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ORIGINAL ARTICLE  
Year : 2020  |  Volume : 45  |  Issue : 4  |  Page : 399-404
 

Prevalence of Vitamin B12 deficiency and its associated risk factors among pregnant women of rural South India: A community-based cross-sectional study


1 Department of Community Health; Department of Clinical Genetics, Christian Medical College, Vellore, Tamil Nadu, India
2 Department of Community Health, Christian Medical College, Vellore, Tamil Nadu, India
3 Department of Clinical Genetics, Christian Medical College, Vellore, Tamil Nadu, India
4 Department of Community Health; Department of Obstetrics and Gynecology, Christian Medical College, Vellore, Tamil Nadu, India
5 Department of Clinical Biochemistry, Christian Medical College, Vellore, Tamil Nadu, India

Date of Submission26-Sep-2019
Date of Acceptance21-Apr-2020
Date of Web Publication28-Oct-2020

Correspondence Address:
Ms. Anitha Mohanraj Barney
Department of Clinical Genetics, Christian Medical College, Vellore - 632 004, Tamil Nadu
India
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Source of Support: None, Conflict of Interest: None


DOI: 10.4103/ijcm.IJCM_403_19

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   Abstract 


Introduction: Vitamin B12 is essential for the normal functioning of the nervous system and for the formation of red blood cells. Vegetarian diet, low socioeconomic status, and social and religious reasons are known risk factors of its deficiency. Pregnant women, children, and the elderly are vulnerable groups. Indians have the highest prevalence, but the data among pregnant women in the rural setting is lacking. Objectives: The objective of this study is to assess the prevalence of Vitamin B12 deficiency and its associated factors among pregnant women of rural South India. Materials and Methods: A cross-sectional study was conducted to recruit consecutive 120 multigravida women with ≤20 weeks of gestation, attending the mobile doctor run clinic of Kaniyambadi block, Vellore. A structured questionnaire was administered, and blood samples were collected. Results: The prevalence of Vitamin B12 deficiency (<200 pgm/ml) and anemia (Hb ≤10.5 g/dL) was 55% and 17.5%, respectively. Only 11.7% were B12 deficient and anemic. Past history of abortion (odds ratio [OR] = 0.5), fatigue (OR = 0.4), and low B12 intake (OR = 2) was associated only in the bivariate analysis. First trimester (OR = 3.9) and obesity (OR = 9.6) were found to be independent risk factors of Vitamin B12 deficiency. Conclusion: Our study showed a high prevalence of Vitamin B12 deficiency in pregnancy in rural India. Some risk factors were identified. However, studies with a higher sample size will be beneficial to study the associated risk factors better.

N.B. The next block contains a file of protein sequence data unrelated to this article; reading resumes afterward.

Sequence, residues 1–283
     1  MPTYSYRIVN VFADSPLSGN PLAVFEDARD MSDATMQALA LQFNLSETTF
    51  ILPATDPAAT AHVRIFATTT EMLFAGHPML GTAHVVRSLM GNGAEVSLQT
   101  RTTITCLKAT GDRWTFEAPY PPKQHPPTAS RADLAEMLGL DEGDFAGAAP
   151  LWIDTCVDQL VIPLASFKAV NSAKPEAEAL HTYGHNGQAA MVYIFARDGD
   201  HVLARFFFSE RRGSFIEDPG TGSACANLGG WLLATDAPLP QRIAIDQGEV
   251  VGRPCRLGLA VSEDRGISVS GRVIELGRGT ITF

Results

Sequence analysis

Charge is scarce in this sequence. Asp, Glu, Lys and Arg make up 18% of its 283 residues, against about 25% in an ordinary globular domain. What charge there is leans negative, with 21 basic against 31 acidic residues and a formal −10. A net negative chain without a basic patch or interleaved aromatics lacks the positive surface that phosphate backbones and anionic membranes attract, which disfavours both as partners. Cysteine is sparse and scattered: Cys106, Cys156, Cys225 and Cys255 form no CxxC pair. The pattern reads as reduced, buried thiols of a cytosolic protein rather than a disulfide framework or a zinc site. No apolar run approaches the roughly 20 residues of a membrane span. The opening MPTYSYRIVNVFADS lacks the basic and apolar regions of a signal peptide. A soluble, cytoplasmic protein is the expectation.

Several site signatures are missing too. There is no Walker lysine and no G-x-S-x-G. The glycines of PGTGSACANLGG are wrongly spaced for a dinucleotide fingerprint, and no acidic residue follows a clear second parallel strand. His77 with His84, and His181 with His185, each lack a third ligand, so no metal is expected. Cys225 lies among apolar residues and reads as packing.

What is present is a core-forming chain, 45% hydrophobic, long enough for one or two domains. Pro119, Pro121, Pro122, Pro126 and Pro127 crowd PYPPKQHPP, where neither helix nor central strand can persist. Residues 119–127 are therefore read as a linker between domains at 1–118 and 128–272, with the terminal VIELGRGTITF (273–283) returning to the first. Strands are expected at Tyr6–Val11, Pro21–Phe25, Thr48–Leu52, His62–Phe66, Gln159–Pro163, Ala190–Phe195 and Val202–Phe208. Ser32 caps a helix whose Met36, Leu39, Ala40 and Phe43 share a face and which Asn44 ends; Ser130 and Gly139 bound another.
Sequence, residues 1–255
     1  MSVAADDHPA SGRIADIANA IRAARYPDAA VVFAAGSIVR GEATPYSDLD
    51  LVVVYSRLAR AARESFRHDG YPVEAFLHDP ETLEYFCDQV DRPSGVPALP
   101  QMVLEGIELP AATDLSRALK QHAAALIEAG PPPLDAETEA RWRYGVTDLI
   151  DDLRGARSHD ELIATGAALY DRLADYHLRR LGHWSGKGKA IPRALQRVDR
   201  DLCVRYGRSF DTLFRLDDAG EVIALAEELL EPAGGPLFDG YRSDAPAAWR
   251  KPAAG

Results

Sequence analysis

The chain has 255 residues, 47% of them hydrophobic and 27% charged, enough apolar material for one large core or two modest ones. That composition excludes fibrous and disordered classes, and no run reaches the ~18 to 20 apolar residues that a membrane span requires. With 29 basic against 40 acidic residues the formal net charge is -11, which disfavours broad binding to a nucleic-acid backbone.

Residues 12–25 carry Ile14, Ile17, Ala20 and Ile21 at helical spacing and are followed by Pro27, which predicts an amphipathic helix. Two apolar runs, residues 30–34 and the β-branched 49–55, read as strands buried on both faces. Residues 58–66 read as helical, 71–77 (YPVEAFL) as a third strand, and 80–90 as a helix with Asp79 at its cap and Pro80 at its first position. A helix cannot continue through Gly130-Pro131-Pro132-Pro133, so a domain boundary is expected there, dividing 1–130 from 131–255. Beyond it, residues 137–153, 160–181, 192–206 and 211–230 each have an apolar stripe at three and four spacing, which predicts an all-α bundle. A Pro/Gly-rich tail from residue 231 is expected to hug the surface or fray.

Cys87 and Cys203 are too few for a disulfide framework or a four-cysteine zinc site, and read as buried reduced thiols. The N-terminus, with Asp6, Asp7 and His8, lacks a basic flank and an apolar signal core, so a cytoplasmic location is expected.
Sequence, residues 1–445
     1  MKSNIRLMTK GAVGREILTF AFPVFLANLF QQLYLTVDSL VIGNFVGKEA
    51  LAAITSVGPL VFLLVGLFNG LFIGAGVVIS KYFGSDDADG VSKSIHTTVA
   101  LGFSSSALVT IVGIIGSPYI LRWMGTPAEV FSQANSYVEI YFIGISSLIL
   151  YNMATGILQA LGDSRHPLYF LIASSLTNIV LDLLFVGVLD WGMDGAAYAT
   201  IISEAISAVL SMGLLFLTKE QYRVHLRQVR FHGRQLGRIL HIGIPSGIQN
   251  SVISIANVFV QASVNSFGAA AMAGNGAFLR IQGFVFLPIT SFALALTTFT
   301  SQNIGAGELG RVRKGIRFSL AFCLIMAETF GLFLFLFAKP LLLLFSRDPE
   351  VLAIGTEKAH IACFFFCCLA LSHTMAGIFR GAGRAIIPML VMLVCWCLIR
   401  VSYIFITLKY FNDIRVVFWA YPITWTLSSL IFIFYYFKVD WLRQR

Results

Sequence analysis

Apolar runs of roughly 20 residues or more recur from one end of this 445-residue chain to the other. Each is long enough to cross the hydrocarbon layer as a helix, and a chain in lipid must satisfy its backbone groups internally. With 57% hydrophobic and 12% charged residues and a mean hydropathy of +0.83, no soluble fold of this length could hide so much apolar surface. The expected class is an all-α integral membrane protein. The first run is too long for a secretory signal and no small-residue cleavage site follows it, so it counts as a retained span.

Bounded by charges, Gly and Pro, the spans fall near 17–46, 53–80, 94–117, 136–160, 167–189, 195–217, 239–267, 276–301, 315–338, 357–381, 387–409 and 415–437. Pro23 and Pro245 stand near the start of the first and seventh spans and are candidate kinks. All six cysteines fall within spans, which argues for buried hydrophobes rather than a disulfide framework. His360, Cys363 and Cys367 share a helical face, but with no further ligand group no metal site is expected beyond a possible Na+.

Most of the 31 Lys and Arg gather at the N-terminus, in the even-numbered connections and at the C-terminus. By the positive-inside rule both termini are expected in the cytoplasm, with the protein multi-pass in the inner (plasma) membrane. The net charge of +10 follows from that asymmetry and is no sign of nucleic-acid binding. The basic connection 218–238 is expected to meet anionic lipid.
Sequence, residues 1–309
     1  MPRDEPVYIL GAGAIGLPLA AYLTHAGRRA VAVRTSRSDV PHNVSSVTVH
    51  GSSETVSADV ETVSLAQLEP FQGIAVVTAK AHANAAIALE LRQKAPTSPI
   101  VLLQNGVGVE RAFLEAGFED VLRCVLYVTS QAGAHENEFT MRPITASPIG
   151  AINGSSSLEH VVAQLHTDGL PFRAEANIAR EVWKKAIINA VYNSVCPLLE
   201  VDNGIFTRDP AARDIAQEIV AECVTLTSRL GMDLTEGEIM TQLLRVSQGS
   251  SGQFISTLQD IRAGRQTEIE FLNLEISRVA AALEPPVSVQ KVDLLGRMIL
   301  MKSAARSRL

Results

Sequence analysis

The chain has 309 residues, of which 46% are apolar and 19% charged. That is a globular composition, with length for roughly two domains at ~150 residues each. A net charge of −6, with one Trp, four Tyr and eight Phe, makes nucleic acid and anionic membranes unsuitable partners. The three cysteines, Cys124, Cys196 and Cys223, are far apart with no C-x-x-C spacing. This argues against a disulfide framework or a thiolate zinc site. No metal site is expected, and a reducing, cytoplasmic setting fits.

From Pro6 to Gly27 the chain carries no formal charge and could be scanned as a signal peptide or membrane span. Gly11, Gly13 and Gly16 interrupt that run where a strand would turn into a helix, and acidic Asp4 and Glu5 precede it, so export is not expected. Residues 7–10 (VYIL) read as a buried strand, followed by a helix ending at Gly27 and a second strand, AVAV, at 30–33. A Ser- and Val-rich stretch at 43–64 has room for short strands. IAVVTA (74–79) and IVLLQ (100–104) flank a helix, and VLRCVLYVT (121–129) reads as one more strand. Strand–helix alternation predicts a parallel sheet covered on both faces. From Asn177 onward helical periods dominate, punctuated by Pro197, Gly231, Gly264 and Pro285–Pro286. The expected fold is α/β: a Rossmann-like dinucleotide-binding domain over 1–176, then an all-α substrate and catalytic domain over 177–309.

Keywords: Anemia, B12 deficiency, nutrition, pregnancy


How to cite this article:
Barney AM, Abraham VJ, Danda S, Cherian AG, Vanitha S. Prevalence of Vitamin B12 deficiency and its associated risk factors among pregnant women of rural South India: A community-based cross-sectional study. Indian J Community Med 2020;45:399-404

How to cite this URL:
Barney AM, Abraham VJ, Danda S, Cherian AG, Vanitha S. Prevalence of Vitamin B12 deficiency and its associated risk factors among pregnant women of rural South India: A community-based cross-sectional study. Indian J Community Med [serial online] 2020 [cited 2020 Nov 27];45:399-404. Available from: https://www.ijcm.org.in/text.asp?2020/45/4/399/299422





   Introduction Top


Vitamin B12 is a water-soluble micronutrient, which helps in the formation of red blood cells and is also essential for the normal functioning of the nervous system and brain.[1] Along with folic acid, Vitamin B12 is needed for fatty and amino acid metabolisms and DNA synthesis and also plays a significant role in the conversion of homocysteine to methionine,[2] which is required for the synthesis of neurotransmitters and phospholipids.[3] It is naturally produced by microbial synthesis, and the main dietary sources are of animal origin.[4] Other important sources are fermented foods and uncooked plant-based food contaminated with B12 producing bacteria[5] or algae. Vitamin B12 deficiency can result from malabsorption, intestinal disorders, and low levels of binding proteins[6] and the use of medications such as proton-pump inhibitors[7] and metformin. People consuming vegetarian diet[8] are at a higher risk. Other common causes[9] are low socioeconomic status and social and religious reasons for nonconsumption of meat. Several studies highlight South Asian ethnicity as a risk factor.[10] India has the highest prevalence of Vitamin B12 deficiency, ranging from 47% to 71% in adults.[11]